South Tyrone building poses a danger to life
SOUTH Tyrone Hospital’s tower block building has been branded a danger to the lives of patients, staff and the public by a damning internal Department of Health report.
The red-brick building, which was built in the 1960s and is one of the oldest hospital buildings in Northern Ireland, presents a ‘particularly high risk’ with major structural repairs described as ‘necessary and urgent’.
The landmark building also poses increased fire risks, while inadequate sanitary facilities have increased the risk of infection according to the department’s latest Maintaining Existing Services survey.
South Tyrone Hospital is one of fifteen hospital buildings in Northern Ireland which pose serious risks including fire safety hazards, out-dated electrical systems, masonry falling from buildings, poor sanitary facilities and lifts at risk of failure.
Dangers at Craigavon Area Hospital have also been flagged including increased fire risks, inadequate sanitary facilities which increase the risk of infection, main theatres sharing ventilation equipment leading to infection control risk, as well as a number of failed microbiological tests.
Health Minister Edwin Poots insisted that the risks identified in South Tyrone Hospital “are being prioritised and addressed diligently”.
He added: “I have received assurance that each health and social care trust chief executive has a system in place to ensure that estate-related risks are identified and appropriately managed.”
The Minister said that within the current budget period the department is investing around £950m in the major replacement of many of the facilities which are the source of the risks identified in the report.
The information was unearthed by the Detail, an online news website. Other hospitals named in the report include the Royal Belfast Hospital for Sick Children, the Royal Maternity Hospital, Belfast City Hospital’s Windsor House, and the Ulster Hospital’s main ward block and paediatric block.
Chief Estates Officer John Cole said: “One of the things that it is absolutely essential is to maintain public confidence in the ability of the health service to provide safe and efficient health services.
“As part of our processes, we obviously have to assess risk at different times to make sure that risk is being appropriately managed. One of the mechanisms we use to do that is through preparing this Maintaining Existing Services report.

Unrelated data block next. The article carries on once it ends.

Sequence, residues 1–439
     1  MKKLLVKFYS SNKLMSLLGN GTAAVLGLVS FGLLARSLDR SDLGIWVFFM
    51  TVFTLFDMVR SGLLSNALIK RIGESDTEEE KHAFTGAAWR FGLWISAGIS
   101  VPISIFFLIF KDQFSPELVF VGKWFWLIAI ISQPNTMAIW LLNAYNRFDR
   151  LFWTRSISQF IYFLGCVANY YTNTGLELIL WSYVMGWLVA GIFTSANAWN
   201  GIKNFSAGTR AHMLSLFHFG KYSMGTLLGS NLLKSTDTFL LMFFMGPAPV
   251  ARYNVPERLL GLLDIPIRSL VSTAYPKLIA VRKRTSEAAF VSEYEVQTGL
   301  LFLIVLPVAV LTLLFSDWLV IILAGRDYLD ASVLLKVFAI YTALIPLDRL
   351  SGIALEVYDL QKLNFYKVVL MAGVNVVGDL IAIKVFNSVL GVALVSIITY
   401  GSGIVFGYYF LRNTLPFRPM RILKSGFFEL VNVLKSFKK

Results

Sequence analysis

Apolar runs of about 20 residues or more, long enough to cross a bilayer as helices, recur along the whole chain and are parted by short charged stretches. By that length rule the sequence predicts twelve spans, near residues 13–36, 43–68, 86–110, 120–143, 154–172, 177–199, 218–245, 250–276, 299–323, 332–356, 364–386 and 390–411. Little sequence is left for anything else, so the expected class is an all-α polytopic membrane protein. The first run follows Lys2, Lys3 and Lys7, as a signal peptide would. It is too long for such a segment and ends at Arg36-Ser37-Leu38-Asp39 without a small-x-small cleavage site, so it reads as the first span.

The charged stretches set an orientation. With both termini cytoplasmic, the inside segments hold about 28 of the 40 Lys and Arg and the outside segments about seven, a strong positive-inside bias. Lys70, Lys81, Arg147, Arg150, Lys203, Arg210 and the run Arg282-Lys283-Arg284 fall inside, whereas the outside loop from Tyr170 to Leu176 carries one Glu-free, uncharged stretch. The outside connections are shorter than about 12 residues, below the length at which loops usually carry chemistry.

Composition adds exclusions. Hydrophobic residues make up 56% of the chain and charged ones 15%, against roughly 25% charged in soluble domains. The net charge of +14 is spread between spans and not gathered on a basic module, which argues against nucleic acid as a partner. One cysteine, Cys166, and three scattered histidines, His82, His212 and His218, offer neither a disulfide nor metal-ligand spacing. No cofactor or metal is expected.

“No building is risk free and as buildings get older the risks in them tend to grow.”
Mr Cole said that health buildings here were under-funded for decades but that the department’s capital budget had risen from around £63m in 2000 to around £200m a year in the current budget period. This includes additional money from the Department of Finance and Personnel after the budget settlement.
He confirmed that around 35% of buildings in the health estate are over 50 years old, 67% are over 30 years old and some buildings are as old as 150 years.
The Deputy Secretary continued: “Since we got the injection in capital we have been spending more money on the estate and trying to catch up with the backlog and that has allowed us to make inroads.
“However, we are trying to address a major deficit over many decades and as a result there are buildings which just by their age are no longer really fit for purpose.
“We haven’t got enough money. The approximate assessment of how much it would cost to bring all the buildings up to a modern standard would be £5.5 billion.
“If we spend all our money on replacing facilities within the existing buildings, we will never get to the point where we actually meet the current day standards.”
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Weather for Dungannon
Wednesday 22 May 2013
Temperature: 4 C to 12 C
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Wind direction: North
Temperature: 4 C to 9 C
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Wind direction: North